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The Quick 10: 10 More Celebrity Veterans

A couple of years ago on Veterans Day, we listed 10 celebrities who stopped what they were doing in the middle of a successful showbiz career to serve their country. We had a lot of mentions of other celebrities who also served before they were famous, and we thought today would be a good day to honor them as well. Here are just a few – feel free to share others in the comments. They don’t even have to be famous – if you just want to honor someone you know, we’re all ears.

1. Drew Carey. He served in the U.S. Marine Corps for six years and has said it’s where he first acquired his signature black glasses and buzz cut look.
2. Kurt Vonnegut. Private Vonnegut was a prisoner of war who was captured during the Battle of the Bulge. In fact, he survived only because he was part of a group of Americans held captive in an underground slaughterhouse meat locker called Schlachthof Fünf – Slaughterhouse Five. Because they were underground when the city of Dresden was bombed, they were saved.
3. Steve McQueen. That rebellious act of Steve McQueen’s wasn’t really an act – although he was promoted to Private First Class in the Marine Corps, he was reportedly demoted back to Private seven times, including once when he stayed out long after a weekend pass had expired and had to be hauled back by the shore patrol. He was also heroic, though – he saved the lives of five Marines when he pulled them out of a tank just before it broke through ice and fell into the ocean.

4. Paul Newman. He was in the Navy and hoped to be a pilot until his color blindness was discovered. He ended up being a gunner instead and should have been at Okinawa, but his pilot developed ear infection and they were delayed. It was an ear infection that changed cinematic history: had Newman and his pilot gone when they should have, they likely would have been killed – the rest of their detail was.
5. Captain Kangaroo, AKA Bob Keeshan. He enlisted in the Marine Corps Reserves in 1945, but never saw combat. There’s long been a story floating around that Lee Marvin said he and Bob Keeshan served together at Iwo Jima, but much like the Mr. Rogers myth, this one is false – neither of them served at Iwo Jima.

6. Ed McMahon. Johnny Carson’s sidekick was a Marine Corps flight instructor for two years before finally getting his orders to fly in combat in 1945. They were canceled, however, after Hiroshima and Nagasaki were bombed. He did end up flying 85 combat missions during the Korean War, earning six Air Medals and retiring as a Colonel.
7. Johnny Carson. Speaking of Ed, there’s a rumor that McMahon was Johnny’s commanding officer in the military, but there’s no truth to it. The pair met for the first time in 1958. Johnny enrolled in the Navy in 1943, also hoping to be a pilot. He was assigned to be a midshipman instead. He reported for duty on August 14, 1945, which was the day Japan accepted surrender terms, marking the end of the war. As you might imagine, Carson’s military career was pretty quiet after that – he has said the highlight of the whole thing was getting to perform a magic trick for James Forrestal, then-Secretary of the Navy.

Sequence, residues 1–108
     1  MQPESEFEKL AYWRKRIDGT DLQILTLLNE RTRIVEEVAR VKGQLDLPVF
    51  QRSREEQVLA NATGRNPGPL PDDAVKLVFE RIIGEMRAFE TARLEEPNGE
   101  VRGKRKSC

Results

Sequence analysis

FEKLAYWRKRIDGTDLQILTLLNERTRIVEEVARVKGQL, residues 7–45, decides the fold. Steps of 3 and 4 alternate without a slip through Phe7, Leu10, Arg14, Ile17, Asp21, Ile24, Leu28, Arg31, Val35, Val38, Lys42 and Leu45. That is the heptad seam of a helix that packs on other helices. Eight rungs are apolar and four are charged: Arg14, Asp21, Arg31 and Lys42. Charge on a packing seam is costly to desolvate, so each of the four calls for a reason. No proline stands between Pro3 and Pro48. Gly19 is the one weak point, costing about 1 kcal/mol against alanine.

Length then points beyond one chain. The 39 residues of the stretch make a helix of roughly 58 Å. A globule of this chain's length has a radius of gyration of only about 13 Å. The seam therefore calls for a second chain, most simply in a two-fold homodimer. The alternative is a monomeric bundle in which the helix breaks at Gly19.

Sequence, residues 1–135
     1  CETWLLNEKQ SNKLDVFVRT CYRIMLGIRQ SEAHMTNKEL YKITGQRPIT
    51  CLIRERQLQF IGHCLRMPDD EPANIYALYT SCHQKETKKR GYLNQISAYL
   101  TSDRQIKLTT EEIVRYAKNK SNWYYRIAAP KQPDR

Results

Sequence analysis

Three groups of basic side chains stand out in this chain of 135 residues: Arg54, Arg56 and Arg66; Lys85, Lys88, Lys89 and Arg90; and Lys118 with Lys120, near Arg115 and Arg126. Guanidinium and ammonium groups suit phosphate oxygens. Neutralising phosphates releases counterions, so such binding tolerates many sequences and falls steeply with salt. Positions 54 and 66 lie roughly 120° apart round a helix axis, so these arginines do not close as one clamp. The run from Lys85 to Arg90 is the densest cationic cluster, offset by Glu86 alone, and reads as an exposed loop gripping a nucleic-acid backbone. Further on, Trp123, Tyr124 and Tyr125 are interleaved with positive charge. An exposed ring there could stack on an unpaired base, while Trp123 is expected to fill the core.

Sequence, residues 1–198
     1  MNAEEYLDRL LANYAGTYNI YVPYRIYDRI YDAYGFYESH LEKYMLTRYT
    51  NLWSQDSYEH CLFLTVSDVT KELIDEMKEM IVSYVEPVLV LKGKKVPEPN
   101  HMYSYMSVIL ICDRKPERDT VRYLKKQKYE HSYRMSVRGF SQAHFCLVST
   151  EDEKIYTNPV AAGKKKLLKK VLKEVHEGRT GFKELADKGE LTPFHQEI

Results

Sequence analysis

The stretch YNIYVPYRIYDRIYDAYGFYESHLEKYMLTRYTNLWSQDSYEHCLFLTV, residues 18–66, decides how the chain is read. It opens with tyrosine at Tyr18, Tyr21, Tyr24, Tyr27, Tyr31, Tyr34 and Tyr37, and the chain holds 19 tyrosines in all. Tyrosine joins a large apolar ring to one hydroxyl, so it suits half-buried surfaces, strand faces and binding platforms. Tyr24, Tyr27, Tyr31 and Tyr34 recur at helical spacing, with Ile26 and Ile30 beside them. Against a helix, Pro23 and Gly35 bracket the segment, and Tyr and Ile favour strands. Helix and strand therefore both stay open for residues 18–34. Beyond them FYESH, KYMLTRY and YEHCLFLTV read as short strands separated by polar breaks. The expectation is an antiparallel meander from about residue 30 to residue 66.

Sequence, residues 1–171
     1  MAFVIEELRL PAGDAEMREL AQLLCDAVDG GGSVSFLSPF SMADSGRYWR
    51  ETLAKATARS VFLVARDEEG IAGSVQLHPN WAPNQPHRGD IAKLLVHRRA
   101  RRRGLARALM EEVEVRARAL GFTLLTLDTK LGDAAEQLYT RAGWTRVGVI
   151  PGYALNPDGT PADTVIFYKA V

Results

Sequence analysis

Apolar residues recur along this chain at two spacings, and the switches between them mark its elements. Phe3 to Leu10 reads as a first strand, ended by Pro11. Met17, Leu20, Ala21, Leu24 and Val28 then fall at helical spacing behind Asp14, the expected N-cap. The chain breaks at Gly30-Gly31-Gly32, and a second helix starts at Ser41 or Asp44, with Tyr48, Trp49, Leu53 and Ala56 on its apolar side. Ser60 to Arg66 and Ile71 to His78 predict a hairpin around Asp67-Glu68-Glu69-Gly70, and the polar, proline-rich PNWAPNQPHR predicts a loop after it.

8. Bugs Bunny. Really. Warner Brothers produced a cartoon called “Super-Rabbit” where Bugs says, “This looks like a job for a real Superman!” then jumps into a phone booth to presumably change into his Superman costume. When he emerges, though, he’s in a Marines uniform singing the Marines’ Hymn. The Marine Corps loved the homage so much they officially inducted the fictional rabbit as a private, even producing real dog tags for him. He was officially discharged at the end of WWII as a Master Sergeant.

9. Montel Williams. You’ll never think of Montel Williams as a mere daytime talk show host again. He’s actually an incredibly accomplished veteran, serving 22 years in the military before leaving as a Lieutenant Commander. He started his career in the Marines, then was discharged when he was accepted to the Naval Academy. After earning a degree in General Engineering there, he spent years as a cryptology officer, notably during the invasion of Grenada. He has a slew of awards and medals under his belt.

10. Clint Eastwood. He may have the Army to thank for his movie career, actually. Eastwood was drafted into the Army in 1950, stationed at Fort Ord in California. Another man who was stationed there, Chuck Hill, had contacts in Hollywood and thought that he might do well in the movies. Guess he was right. Before then, though, Eastwood narrowly escaped death when a military plane he was crashed into the Pacific Ocean. He managed to use an inflatable raft to swim to shore, and testifying at a hearing about the incident prevented him from serving overseas in Korea.

Thanks for your service, veterans!


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